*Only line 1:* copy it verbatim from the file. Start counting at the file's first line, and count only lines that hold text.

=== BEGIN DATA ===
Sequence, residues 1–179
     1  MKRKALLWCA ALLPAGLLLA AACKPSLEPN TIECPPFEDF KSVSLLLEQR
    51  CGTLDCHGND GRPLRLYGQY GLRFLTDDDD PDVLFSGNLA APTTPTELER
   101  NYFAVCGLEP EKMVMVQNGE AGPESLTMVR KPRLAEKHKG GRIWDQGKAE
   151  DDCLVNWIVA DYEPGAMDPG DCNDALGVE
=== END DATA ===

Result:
Sequence, residues 1–179